By implementing these 27 solutions, 2.6 million tons of food could be prevented from ending up in U.S. landfills each year.
It seems silly that although there is enough food on this planet to feed all inhabitants, 795 million people still go to bed hungry each evening.
This is largely a result of developed nations wasting a good share of the food which is produced. The United States, for example, is estimated to toss 40% of its food into the garbage; edible waste then ends up in the landfills, where it rots and releases methane into the atmosphere, contributing to climate change. This needs to stop.
Luckily, a new report released by ReThink Food Waste Through Economics and Data (ReFED) outlines some simple ways food waste might be reduced. As a result of following the 27 solutions (below), it is estimated that $100 million could be saved each year and 1.8 billion meals could be prevented from ending up in landfills.
The ReFED website states:
“The Roadmap to Reduce U.S. Food Waste by 20 Percent is the first ever national economic study and action plan to reduce food waste at scale. It identifies the most cost-effective solutions and defines research priorities in an effort to spur multi-stakeholder action.”
According to the data, if the solutions are implemented, 15,000 new jobs could be created over the course of a decade. In addition, 2.6 million tons of food would be prevented from ending up in U.S. landfills each year, resulting in 1.6 trillion gallons of water being saved and 18 million tons of greenhouse gas emissions being prevented.
The 27 solutions for reducing food waste and improving the economy follow:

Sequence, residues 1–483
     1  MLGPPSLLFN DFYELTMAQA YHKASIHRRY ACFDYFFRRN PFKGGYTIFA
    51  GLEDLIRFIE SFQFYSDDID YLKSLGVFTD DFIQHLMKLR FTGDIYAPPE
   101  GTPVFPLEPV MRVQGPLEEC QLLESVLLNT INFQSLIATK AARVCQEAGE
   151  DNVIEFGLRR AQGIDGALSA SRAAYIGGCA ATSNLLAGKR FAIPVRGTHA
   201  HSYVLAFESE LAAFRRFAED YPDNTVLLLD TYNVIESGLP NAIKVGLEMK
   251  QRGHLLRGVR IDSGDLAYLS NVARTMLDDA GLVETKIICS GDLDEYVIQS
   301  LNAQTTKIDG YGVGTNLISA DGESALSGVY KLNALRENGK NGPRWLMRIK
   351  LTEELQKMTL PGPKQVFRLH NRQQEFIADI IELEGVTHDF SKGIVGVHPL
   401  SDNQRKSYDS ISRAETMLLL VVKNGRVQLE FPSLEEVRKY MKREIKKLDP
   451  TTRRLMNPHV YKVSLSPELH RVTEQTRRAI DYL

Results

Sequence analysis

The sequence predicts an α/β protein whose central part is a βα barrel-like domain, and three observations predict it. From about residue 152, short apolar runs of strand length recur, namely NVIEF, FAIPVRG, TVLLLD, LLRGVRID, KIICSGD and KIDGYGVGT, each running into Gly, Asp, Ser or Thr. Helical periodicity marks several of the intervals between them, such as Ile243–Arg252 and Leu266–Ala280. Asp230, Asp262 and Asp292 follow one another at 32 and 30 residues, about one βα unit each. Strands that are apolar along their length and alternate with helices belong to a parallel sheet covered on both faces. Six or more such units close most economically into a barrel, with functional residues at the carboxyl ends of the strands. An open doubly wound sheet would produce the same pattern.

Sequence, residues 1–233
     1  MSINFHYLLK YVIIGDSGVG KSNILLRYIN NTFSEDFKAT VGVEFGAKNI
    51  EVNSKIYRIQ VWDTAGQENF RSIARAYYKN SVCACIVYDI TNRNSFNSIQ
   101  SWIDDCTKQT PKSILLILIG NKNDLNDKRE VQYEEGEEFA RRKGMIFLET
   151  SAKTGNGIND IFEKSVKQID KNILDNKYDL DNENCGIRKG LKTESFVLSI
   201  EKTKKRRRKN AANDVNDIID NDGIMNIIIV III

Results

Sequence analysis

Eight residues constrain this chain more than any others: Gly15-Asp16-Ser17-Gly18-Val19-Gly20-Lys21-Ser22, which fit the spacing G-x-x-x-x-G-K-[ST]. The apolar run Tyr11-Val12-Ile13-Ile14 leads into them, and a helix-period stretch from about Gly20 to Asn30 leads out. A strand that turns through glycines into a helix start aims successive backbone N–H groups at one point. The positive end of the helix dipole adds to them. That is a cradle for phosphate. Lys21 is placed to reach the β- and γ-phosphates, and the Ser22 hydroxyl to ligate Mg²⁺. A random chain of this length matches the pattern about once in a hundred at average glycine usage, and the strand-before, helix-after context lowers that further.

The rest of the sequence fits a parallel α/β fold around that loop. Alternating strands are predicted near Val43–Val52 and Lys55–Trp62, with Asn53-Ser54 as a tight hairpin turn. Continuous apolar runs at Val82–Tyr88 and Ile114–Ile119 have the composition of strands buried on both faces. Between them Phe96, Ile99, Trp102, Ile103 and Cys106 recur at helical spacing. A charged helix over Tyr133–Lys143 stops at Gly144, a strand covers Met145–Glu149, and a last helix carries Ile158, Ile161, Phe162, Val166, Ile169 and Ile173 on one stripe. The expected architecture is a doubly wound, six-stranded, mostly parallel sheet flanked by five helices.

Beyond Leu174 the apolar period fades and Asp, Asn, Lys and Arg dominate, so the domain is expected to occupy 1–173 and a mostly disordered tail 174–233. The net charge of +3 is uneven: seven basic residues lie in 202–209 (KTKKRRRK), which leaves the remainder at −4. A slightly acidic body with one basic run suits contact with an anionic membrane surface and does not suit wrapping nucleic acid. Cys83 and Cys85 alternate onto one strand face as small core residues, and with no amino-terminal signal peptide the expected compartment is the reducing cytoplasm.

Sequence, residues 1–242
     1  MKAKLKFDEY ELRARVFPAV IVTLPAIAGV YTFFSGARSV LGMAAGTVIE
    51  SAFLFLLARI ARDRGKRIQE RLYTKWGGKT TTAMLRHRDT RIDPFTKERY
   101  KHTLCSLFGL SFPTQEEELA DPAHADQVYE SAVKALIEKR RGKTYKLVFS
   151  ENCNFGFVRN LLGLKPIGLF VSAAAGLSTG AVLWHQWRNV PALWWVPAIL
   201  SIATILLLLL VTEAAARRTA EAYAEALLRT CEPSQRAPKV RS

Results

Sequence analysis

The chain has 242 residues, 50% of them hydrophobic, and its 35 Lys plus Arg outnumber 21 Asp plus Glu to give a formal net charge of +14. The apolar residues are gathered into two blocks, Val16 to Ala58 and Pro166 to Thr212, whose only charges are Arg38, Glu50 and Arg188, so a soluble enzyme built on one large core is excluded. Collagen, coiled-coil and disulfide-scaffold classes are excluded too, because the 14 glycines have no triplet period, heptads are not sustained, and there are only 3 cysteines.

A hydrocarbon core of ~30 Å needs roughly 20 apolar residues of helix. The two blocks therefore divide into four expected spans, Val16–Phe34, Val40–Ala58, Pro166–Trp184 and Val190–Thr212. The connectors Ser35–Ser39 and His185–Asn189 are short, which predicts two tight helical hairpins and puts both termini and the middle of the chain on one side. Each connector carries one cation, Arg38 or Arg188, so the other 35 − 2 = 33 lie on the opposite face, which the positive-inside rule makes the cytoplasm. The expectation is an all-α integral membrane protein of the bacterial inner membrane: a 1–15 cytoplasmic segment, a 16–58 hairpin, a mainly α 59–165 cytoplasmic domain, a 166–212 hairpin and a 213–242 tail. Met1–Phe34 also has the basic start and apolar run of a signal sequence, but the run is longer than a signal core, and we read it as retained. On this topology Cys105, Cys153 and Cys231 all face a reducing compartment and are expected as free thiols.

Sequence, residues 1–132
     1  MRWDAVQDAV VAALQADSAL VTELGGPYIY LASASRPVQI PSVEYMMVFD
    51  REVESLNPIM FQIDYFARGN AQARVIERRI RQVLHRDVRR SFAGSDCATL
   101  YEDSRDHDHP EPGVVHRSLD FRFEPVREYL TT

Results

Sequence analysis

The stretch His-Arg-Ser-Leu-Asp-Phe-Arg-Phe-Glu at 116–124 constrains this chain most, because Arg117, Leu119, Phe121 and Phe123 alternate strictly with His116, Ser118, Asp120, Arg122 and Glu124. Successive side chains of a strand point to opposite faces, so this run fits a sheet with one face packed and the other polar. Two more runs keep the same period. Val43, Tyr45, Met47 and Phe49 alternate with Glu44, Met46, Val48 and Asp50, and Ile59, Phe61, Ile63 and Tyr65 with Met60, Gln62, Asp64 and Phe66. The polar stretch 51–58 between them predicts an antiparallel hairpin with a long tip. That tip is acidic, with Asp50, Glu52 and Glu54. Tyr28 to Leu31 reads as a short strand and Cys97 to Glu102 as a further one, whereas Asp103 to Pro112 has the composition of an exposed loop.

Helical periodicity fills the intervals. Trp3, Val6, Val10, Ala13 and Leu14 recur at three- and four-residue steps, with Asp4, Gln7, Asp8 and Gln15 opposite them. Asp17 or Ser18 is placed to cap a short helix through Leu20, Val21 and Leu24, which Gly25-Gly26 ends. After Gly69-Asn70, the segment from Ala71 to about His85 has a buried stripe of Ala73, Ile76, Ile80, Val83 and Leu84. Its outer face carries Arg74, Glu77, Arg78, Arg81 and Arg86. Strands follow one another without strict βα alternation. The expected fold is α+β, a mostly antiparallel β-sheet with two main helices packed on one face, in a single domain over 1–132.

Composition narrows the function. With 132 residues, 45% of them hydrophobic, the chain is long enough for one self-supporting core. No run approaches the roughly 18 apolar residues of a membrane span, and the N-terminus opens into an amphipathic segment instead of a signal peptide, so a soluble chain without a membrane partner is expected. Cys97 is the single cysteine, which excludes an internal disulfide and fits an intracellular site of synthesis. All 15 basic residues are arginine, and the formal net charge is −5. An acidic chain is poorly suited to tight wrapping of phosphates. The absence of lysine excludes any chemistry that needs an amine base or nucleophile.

- Consumer education campaigns about food waste which could save $4,531 per year per ton of food saved.
- Standardized date labeling which could save $4,547 per year per ton of food saved.
- Packaging adjustments which could save $3,443 per year per food ton saved.
- Donation storage and handling so food gets to people who need it before going ‘bad.’
- Donation matching software for a savings of $2,879 per year per food ton saved.
- Standardized food donation regulation which would contribute an additional $2,863 per food ton per year of savings.
- Value-added processing like freezing or freeze-drying foods to contribute a $2,783 per ton per year savings.
- Donation liability education (teaching donors that they won’t be sued for donating food past its expiry date, for example) for a savings of $2,810 per food ton per year.
- Spoilage Prevention for a $2,326 savings per year per food ton.
- Local food recovery through transportation donations for a $2,294 annual per ton of food savings.
- Waste tracking and analytics for additional savings.
- Elimination of over-portioning in all-you-can eat establishments were much food is wasted.
- Use of smaller plates for portion control in restaurants.
- Manufacturing optimization.
- Cold-chain management.
- Tax incentives for donors.
- Improved inventory management.
- More use of imperfect produce, otherwise known as selling the “ugly” fruit.
- Use of secondary resellers.
- Home composting.
- Commercial grey water system installation.
- Centralized anaerobic digestion.
- Centralized composting.
- Use of water resource recovery facilities.
- Use of wasted human food for animals.
- Community composting.
- In-vessel composting.
In addition, the benefits outweigh the cost:
Learn more by visiting ReFED’s website.
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